An empty wooden bench in the foreground with a misty pink view of trees and and a hazy purple sky.
Academic life

A restful and productive sabbatical

I’m just starting my 2nd year-long sabbatical. A privilege, I know, only afforded those with tenure-track/tenured positions and a decent employment contract. My 1st sabbatical didn’t really go as planned (I guess we all know what happens to best laid plans). But I did learn a few things and get some good advice that I’d like to share, for those who are in this lucky position.

Start with rest

It’s tempting to dive right in to your sabbatical project as soon as you’re officially on leave. From what I’ve witnessed though, this can lead to frustration and a sense of discouragement when your brain isn’t ready or willing to switch gears seamlessly. I think the solution is building in a rest and recover period.

  • Start your sabbatical with a few weeks of down time. Even if it isn’t an outright vacation, allow yourself time to decompress from the years (years!) you’ve been working flat out. Reading, planning, and visioning are good restful practices to start with.
  • Allow yourself ongoing rest times throughout your leave. Whether it’s a daily nap, three-day weekends, sporadic break periods, or a retreat, sabbatical must include rest.
  • Use your email auto reply and mean it. Take a break from regular email checking to pause the cycle of constantly reacting to others’ demands.

Picture the end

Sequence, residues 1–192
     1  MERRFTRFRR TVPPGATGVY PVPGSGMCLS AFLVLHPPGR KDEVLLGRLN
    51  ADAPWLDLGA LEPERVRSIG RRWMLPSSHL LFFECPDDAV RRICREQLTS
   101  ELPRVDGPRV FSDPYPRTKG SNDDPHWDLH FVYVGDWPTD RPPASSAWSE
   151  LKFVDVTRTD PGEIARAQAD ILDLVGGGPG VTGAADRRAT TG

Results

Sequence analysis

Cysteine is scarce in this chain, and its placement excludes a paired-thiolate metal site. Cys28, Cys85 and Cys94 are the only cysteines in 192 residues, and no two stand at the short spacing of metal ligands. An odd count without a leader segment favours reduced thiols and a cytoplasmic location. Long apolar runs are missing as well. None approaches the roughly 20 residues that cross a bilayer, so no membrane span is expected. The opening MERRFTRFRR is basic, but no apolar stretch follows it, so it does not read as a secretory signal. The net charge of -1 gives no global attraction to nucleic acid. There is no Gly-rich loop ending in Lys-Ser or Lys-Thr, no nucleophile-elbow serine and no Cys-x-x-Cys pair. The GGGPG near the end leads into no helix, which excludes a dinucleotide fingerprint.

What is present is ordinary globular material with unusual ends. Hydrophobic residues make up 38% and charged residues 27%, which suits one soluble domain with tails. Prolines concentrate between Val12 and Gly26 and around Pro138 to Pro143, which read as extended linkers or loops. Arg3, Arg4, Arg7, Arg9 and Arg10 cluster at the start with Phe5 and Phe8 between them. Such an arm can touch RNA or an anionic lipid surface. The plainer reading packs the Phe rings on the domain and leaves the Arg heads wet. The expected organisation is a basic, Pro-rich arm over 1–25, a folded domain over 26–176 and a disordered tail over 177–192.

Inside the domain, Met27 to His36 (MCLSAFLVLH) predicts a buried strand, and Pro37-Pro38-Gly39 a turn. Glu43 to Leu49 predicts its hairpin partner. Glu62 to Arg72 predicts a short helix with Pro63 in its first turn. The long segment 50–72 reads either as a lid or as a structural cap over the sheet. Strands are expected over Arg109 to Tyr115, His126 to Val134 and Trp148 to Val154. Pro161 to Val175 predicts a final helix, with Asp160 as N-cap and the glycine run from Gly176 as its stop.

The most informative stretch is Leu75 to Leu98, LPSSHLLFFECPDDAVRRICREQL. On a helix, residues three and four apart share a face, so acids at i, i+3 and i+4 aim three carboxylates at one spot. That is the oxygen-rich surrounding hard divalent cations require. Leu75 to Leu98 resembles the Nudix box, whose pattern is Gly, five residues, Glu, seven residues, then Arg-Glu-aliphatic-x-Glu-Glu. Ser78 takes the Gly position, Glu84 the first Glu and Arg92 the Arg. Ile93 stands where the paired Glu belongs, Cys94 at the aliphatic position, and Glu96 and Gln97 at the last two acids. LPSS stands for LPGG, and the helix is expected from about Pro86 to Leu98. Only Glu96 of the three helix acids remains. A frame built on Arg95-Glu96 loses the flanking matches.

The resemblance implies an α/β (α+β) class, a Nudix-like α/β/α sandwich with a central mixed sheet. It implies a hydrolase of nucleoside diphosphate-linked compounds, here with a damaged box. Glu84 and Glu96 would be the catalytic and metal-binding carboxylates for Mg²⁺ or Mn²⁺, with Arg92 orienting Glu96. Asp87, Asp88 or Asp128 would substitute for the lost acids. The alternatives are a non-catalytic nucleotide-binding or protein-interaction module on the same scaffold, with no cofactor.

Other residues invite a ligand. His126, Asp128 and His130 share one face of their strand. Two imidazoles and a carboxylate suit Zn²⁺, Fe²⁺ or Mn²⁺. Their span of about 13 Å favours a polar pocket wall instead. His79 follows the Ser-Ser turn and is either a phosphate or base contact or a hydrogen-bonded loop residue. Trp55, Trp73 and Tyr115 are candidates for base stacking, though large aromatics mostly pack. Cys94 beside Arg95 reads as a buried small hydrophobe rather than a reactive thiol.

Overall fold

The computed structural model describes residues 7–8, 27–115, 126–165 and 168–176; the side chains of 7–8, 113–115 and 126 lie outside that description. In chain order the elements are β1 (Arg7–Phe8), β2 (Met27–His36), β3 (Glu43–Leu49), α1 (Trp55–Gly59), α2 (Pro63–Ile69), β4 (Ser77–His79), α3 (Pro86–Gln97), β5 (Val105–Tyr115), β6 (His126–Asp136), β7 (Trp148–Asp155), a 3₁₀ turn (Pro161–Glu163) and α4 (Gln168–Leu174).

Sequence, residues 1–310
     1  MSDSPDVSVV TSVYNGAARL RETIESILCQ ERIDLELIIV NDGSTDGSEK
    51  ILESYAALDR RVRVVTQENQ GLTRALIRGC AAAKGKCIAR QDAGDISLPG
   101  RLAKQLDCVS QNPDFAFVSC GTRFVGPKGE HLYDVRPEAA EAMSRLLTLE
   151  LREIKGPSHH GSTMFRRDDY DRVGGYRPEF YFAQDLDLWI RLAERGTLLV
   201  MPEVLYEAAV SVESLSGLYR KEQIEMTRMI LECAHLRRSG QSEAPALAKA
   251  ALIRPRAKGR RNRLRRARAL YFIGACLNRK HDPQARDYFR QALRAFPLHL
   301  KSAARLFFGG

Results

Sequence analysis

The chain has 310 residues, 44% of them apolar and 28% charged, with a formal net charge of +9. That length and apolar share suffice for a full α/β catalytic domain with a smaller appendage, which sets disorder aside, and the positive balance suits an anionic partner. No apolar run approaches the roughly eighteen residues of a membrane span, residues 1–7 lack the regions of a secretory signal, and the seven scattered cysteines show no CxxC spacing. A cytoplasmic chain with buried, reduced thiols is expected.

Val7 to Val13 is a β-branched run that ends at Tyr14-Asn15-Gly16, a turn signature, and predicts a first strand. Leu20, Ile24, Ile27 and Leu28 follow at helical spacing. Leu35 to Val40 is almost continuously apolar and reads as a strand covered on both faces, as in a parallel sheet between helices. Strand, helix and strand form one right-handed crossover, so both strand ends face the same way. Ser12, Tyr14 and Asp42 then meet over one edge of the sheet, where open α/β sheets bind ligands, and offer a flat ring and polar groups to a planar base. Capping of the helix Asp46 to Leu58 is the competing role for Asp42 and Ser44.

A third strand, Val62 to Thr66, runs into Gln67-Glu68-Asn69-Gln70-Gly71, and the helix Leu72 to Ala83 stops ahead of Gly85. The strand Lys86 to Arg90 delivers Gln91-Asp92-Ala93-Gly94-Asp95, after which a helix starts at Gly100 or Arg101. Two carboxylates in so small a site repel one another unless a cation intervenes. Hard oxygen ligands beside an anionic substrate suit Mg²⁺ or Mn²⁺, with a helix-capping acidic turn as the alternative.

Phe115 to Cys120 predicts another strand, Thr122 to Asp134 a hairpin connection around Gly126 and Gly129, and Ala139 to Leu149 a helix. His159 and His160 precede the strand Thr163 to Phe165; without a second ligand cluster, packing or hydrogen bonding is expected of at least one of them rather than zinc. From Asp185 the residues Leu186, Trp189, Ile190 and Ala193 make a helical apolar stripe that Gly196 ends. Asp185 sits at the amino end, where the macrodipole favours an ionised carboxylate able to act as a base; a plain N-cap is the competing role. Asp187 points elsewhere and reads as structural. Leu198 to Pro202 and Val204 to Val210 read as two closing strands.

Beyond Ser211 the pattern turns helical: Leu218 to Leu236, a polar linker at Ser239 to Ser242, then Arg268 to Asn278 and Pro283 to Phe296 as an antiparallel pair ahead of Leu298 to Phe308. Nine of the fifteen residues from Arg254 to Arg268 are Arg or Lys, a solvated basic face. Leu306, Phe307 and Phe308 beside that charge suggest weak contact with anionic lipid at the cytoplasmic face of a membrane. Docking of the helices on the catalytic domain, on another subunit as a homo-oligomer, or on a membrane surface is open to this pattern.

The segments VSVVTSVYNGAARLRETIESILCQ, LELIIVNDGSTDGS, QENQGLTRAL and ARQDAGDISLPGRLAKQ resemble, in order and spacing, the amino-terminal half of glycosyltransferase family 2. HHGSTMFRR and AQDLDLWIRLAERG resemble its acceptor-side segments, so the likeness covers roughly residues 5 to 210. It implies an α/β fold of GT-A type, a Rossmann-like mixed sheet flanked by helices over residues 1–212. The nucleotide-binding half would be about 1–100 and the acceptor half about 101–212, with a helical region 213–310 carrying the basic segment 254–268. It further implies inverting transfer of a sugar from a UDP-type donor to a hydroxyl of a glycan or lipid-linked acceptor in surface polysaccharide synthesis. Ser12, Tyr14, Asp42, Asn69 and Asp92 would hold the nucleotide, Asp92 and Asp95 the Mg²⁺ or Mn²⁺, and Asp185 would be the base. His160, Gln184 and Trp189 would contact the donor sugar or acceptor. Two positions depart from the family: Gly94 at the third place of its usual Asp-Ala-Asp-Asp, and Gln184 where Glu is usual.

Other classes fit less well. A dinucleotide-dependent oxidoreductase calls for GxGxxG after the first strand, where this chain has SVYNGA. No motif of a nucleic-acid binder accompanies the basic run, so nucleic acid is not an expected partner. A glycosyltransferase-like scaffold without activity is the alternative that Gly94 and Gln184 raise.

When I work with clients going on sabbatical, I encourage them to think about how they want to feel at the end. Not just what they want to do, but how their body will feel and what their state of mind will be like. Then they can begin to plan for how they’re going to get there. Here are a few questions to consider:

  • How do I want to feel at the end of my sabbatical, in body, heart, spirit, and mind?
  • What would let me know that my sabbatical had been successful?
  • What parts of my personal life (family, friends, community, volunteer work, physical activity, creative practices, travel, learning, etc.) do I want to create time for?

Sabbatical goals

Of course our institutions aren’t giving us leave just to rest and paint (though they should!). There are expectations around research advancement, publications, curriculum development, or whatever goals you included in your plan. If I may offer a word of caution, it’s this: don’t think of your leave as the time to make up for years of what you might perceive as less-than-optimal research productivity. Playing catch-up the whole time won’t leave you reinvigorated or give you something to build on when your leave is over.

  • Make a list of your most ambitious goals and outcomes. Throw it away. Just kidding! Keep it but acknowledge what it is.
  • Ask yourself what is the minimum output you need to have to meet your institutional expectations. It’s good to know where the low bar is.
  • Write down your ideal outcomes: the goals that are your highest priority and that you most want to spend time on.

Sabbatical planning

I love a good plan. The universe might have other things in mind, but that’s no reason not to give yourself a roadmap. There’s no one right way to plan, but here are a few ideas:

  • Create a timeline visual. Mark anticipated milestones and goals along the way. Post it somewhere you can see it.
  • Divide your sabbatical into chunks (these could be months or weeks, depending on the length of your leave). Figure out which projects will be prioritized in which chunk.
  • Make a month-by-month plan. This is more fine-grained, but the idea is to plug in rough plans for which projects or parts of projects you’ll be aiming to work on. The later months might be hazy still, so you’ll come back to this as time proceeds.

If your plans go to hell, don’t be too hard on yourself. Things will happen that are beyond your control. Your body and soul might need a lot more rest than you anticipated. Your research and writing could take you in unexpected directions. Give yourself some grace and create your own version of what a successful sabbatical means.